In my most recent professional role, I was in charge of nationwide sales leadership for nearly 1,000 stock brokers – aka investment product sales representatives.
Prior to this position, I spent a large part of my career managing in Washington Mutual’s retail bank and with people whose natures were generally quite cooperative and accommodating.
When I moved into the investment division, I discovered fully-commissioned brokers behaved very differently than branch employees. Because they perceived themselves to be self-employed, they seemed predisposed toward being less trusting of management and always wanting more. Higher commissions. Better products. More freedom with their time.
Because I hadn’t spent my formative career years in the investments business, many of the managers in the division were quick to tell me that I couldn’t lead these people the same way I did when I worked with salaried bank employees. “You have to treat them very differently,” they said.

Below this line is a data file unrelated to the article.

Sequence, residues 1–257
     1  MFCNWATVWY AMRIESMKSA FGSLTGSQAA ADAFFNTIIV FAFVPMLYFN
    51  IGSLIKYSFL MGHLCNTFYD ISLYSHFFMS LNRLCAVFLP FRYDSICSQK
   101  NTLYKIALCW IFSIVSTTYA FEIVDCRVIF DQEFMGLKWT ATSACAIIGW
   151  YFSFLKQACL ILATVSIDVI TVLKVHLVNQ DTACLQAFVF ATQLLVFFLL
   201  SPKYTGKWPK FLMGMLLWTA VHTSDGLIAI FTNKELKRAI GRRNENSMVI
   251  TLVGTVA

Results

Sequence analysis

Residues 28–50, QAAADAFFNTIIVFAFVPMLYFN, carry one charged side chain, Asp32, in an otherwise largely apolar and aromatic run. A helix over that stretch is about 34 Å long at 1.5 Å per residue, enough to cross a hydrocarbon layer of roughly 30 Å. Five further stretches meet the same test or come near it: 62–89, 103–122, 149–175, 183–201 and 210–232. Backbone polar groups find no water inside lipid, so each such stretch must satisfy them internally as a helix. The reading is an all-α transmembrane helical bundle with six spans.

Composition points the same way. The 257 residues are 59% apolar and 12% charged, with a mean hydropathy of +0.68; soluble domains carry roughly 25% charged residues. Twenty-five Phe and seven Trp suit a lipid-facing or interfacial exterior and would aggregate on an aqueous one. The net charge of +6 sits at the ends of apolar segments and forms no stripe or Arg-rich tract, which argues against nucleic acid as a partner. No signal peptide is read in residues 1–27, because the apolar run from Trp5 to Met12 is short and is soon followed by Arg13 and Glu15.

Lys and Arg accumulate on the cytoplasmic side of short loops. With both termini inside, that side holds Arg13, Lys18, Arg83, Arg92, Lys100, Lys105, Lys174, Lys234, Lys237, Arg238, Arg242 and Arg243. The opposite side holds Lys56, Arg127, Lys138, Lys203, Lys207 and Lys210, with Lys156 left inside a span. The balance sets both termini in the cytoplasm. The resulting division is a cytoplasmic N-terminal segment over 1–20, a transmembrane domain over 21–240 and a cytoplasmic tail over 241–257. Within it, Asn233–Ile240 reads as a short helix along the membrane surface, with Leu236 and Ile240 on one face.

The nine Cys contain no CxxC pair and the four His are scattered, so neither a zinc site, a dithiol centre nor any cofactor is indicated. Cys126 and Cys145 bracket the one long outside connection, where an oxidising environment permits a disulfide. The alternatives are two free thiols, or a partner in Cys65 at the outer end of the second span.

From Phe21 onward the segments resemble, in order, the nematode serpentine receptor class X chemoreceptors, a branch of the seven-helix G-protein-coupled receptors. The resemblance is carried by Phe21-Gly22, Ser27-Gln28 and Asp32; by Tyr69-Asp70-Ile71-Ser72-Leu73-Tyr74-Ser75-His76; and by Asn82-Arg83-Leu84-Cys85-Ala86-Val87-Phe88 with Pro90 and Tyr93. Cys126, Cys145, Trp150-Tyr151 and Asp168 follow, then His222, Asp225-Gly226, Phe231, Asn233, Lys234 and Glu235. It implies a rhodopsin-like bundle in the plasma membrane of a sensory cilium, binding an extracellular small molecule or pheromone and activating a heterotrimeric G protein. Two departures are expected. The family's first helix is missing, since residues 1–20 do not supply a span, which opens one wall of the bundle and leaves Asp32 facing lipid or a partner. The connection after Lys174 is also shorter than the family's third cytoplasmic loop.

This guidance left me with the clear impression that the investment manager’s job was similar to a lion tamer’s. “The brokers will perform tricks for you when you throw them some raw meat – but you always need to protect yourself by holding up a chair or snapping a whip”.